Mentions: In order to detect the research focus in depression field, we used CiteSpace, mapped the hierarchal clustering network of co-cited documents [Figure 6], and gained 27 sub-networks [Table 4]. We selected log-likelihood ratio and extracted the terms to identify each cluster. Using the cluster term and research direction, we identified seven research hotspots. The first research hotspot, diagnosis and assessment, was found in sub-network 0, 2, 3, 8, 9, 12, 13, 14, 15, 16, 19, 20, 25 and 26. Among these, sub-network 13 was the largest. The representative document in this sub-network, “The PHQ-9-Validity of a brief depression severity measure”,[12] was written by Kroenke K et al. in 2001. This study suggested that the PHQ-9 was criteria –based diagnoses of depressive disorders and also a reliable and valid measure of depression severity and a useful clinical and research tool. The second research hotspot, behavioral biology, was in sub-network 1, 4, and 5. Among these, sub-network 4 was the largest. The representative document in this sub-network was “Statement on memories of sexual abuse” written by American Psychiatric Association Board of Trustees in 1994.[13] The third research hotspot, neurotransmission, was in sub-network 6, 10, 17, and 18. Among these, sub-network 18 was the largest. The representative document in this sub-network, “Requirement of hippocampal neurogenesis for the behavioral effects of antidepressants”,[14] was written by Santarelli et al. in 2003. The findings of this study suggested that the behavioral effects of chronic antidepressants may be mediated by stimulation of neurogenesis in the hippocampus. The fourth research hotspot, brain morphology, was in sub-network 7. The representative document, “Mechanisms of migraine aura revealed by functional MRI in human visual cortex”,[15] was written by Hadjikhani et al. in 2001. This study suggested that an electrophysiological event such as cortical spreading depression generated the aura in the human visual cortex. The fifth research hotspot, cognitive disorder, was in sub-network 11. The representative document, “Mini-mental state. A practical method for grading the cognitive state of patients for clinician”,[16] was written by Folstein et al. in 1975. The sixth research hotspot, treatment, was in sub-network 21 and 24. Between these two, sub-network 21 was larger. The representative document in this sub-network, “Depression: A new animal-model sensitive to antidepressant treatments”,[17] was written by Porsolt et al. in 1977. The seventh research hotspot, molecular genetics, was in sub-network 22 and 23. Between these two, sub-network 23 was larger. The representative document in this sub-network, “Influence of life stress on depression: Moderation by a polymorphism in the 5-HTT gene”,[18] was written by Caspi et al. in 2003. This study provided evidence of a gene-by environment interaction, in which an individual's response to environmental insults was moderated by his or her genetic makeup.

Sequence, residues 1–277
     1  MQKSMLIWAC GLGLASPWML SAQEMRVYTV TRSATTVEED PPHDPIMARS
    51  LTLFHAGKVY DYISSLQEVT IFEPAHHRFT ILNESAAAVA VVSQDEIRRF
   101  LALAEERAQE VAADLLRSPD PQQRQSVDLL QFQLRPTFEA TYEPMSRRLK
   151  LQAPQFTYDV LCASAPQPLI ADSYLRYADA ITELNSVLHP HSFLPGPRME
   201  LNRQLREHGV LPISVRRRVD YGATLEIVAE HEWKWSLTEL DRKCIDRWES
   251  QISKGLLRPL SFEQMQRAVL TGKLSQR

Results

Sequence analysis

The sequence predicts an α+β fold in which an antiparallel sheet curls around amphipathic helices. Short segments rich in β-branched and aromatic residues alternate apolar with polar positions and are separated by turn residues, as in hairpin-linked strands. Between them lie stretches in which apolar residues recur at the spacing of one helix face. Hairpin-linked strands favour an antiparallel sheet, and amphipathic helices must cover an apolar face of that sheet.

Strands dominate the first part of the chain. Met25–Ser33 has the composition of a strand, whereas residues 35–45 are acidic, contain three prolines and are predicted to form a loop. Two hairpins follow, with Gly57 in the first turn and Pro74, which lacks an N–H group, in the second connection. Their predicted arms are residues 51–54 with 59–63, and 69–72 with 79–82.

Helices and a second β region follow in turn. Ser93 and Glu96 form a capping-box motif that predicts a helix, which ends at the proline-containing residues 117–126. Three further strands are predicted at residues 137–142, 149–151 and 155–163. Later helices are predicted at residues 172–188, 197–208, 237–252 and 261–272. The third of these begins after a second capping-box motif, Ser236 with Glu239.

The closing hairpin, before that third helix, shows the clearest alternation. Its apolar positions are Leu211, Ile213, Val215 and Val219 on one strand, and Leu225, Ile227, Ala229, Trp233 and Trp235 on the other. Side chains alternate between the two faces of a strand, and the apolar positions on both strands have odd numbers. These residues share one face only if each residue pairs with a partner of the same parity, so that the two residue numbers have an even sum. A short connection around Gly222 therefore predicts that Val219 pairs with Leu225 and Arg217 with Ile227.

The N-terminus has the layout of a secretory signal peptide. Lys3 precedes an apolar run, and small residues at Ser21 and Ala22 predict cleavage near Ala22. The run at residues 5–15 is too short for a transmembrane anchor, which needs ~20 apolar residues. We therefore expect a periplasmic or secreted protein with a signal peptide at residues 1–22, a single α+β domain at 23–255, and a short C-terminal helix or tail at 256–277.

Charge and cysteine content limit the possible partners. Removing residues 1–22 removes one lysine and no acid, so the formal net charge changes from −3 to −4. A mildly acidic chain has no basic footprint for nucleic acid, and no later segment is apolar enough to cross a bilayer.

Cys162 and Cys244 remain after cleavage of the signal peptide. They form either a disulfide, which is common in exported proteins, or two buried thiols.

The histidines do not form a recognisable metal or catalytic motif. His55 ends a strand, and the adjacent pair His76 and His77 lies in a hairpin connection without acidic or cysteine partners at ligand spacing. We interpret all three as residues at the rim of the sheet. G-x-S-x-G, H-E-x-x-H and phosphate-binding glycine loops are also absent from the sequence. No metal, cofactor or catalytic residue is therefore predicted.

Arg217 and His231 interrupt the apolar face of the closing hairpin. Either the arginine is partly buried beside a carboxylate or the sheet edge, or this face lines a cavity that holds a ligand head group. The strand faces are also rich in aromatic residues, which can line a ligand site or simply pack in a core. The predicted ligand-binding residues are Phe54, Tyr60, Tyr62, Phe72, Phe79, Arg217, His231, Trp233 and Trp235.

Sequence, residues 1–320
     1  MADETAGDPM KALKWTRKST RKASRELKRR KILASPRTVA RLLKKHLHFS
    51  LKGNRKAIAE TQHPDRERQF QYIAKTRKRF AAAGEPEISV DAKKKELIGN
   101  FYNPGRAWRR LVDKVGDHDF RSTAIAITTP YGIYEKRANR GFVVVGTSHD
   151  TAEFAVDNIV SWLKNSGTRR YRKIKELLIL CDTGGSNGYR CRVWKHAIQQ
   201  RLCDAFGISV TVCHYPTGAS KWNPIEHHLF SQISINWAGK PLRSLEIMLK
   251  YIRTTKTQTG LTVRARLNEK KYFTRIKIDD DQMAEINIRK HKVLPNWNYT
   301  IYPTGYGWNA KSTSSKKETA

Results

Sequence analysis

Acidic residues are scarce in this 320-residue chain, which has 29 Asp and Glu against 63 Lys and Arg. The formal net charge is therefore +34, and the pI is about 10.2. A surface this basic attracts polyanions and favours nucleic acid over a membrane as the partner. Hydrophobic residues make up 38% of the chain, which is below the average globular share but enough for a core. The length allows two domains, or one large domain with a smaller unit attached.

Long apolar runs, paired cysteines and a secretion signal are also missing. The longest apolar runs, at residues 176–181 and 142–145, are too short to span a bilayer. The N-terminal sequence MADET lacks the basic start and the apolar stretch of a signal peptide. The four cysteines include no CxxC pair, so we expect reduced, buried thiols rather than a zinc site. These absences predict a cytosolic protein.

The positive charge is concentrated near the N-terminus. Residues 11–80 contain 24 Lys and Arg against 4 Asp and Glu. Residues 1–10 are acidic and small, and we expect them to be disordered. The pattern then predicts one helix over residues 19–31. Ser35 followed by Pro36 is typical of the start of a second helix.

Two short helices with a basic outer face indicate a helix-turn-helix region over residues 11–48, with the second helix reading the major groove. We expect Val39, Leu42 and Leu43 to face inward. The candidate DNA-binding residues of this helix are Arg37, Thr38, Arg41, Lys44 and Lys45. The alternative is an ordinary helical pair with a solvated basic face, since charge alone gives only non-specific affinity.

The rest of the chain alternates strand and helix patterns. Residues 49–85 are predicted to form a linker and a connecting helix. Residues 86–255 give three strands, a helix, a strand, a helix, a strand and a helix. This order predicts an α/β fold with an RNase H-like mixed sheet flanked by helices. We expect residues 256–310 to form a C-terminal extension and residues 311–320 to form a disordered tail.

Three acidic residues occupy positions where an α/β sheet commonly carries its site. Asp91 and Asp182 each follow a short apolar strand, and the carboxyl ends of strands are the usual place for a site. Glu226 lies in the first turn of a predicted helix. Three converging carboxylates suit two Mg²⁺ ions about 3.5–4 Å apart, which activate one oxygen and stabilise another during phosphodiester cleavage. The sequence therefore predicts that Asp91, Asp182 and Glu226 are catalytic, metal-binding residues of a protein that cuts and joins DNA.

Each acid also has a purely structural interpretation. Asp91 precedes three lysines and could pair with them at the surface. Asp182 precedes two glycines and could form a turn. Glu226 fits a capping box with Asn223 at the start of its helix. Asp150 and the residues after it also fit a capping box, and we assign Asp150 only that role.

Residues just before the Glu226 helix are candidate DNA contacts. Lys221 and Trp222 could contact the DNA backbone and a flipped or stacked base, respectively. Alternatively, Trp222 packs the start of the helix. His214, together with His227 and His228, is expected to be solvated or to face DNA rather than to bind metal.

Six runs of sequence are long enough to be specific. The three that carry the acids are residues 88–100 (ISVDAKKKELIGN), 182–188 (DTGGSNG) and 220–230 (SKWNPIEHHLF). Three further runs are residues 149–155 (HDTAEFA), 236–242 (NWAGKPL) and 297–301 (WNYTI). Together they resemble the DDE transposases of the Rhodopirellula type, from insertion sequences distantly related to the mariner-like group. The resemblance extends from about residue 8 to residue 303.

View Article: PubMed Central - PubMed